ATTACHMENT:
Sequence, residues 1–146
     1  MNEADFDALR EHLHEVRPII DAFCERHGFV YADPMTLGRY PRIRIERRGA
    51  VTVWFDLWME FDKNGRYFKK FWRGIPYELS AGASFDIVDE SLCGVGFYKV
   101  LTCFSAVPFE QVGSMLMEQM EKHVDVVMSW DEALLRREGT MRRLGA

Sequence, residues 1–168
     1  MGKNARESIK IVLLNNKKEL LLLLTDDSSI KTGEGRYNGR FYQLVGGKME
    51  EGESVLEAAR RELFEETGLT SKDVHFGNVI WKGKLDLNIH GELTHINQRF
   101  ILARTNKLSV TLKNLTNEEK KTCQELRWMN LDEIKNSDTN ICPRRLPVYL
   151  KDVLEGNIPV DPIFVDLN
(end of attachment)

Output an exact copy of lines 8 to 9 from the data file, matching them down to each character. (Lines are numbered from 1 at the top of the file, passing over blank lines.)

   101  ILARTNKLSV TLKNLTNEEK KTCQELRWMN LDEIKNSDTN ICPRRLPVYL
   151  KDVLEGNIPV DPIFVDLN